12. Surely the tenants could buy their house from the housing association, or part buy/part rent, just as Council tenants did in the past? Don't know what the arrangement was in this case when the Council sold off it's affordable housing stock, but you can bet your life the tenants won't be offered the properties at 12-14 grand each. http://www.housingcorp.gov.uk/server/show/nav.549
  13. It concerns me that poor Kirsty doesn't seem to have a second brain cell to rub against the one she's borrowed from her mate Phil. She said: "We need first time buyers to keep the housing market buoyant, and we need the housing market to be doing well to keep the economy healthy. These two requirements simply don't go together when the FTB has been priced out by the inflation of everyone's favorite asset bubble, the housing market. Perhaps the tories will give her a job as Housing Minister if they get in, or Chancellor. She couldn't do much worse than that nice Mr Brown. The economic understanding of both is so similar that if Kirsty became Chancellor you would only be able to tell them apart by remembering that Brown was the good looking one.
  14. I do not believe this. Charter Community Housing paid £12,000-£14,000 each and they are in financial trouble? Ok, they bought 3,680, but you try finding a house for less than 140 grand in Oxfordshire. "THE housing association that bought Cherwell's 3,680 council homes for £12,000-£14,000 each two years ago has hit a financial crisis. The chief executive and financial director of Charter Community Housing (CCH) are 'on leave' and three Housing Corporation experts have been sent in to solve its problems." It goes on in almost comical fashion. "Housing Corporation spokesman Naomi Evans said: "The corporation has placed Charter Community Housing under supervision because of concerns about its governance and business planning." And there's more. "Cllr Pat Cartledge (Lab, Ruscote) said: "We keep getting told how brilliant they've been. Now I'm flabbergasted. These people were meant to be the 'experts'. "My concern at the time of the housing sell-off was that this might happen. Social housing should be in the control of the local authority. There were other options. "But instead we were told to flog the homes for £40 million. I hope tenants won't suffer. I shall be looking to see if promises are kept." http://www.banburyguardian.co.uk/ViewArtic...ticleID=1379630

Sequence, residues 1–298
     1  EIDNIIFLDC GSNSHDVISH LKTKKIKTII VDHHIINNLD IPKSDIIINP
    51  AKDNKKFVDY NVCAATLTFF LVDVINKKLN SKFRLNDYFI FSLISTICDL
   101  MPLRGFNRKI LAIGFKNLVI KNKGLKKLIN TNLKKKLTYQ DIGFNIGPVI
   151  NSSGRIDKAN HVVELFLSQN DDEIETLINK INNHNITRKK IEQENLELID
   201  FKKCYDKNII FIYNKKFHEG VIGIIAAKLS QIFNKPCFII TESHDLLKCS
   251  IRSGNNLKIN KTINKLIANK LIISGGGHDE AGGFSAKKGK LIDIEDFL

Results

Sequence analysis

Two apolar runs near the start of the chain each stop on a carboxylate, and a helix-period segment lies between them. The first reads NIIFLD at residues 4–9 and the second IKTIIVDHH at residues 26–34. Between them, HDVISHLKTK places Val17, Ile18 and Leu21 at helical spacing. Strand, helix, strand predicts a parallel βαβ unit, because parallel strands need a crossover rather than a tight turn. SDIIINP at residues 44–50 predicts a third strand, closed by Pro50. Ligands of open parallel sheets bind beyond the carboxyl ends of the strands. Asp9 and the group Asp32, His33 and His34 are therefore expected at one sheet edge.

15. Useful article below, but pure soft commodity funds seem to be rare. There is always the danger that in any bull market many fund managers simply jump on the bandwagon with few having any track record of knowing what they are doing. Just look back at the tech boom 1998-2000 to see how many new funds were set up then to take advantage of a market going parabolic. Most are still 70-90% down in value today from their bubble top price. Also, many a general smaller/growth companies fund got caught out after re-positioning themselves into tech and not getting out because of the heady gains they could show to attract more customers. I get a little weary of any market once a number of new funds to take advantage of it are started up on the back of the bull run. http://business.timesonline.co.uk/article/...2003219,00.html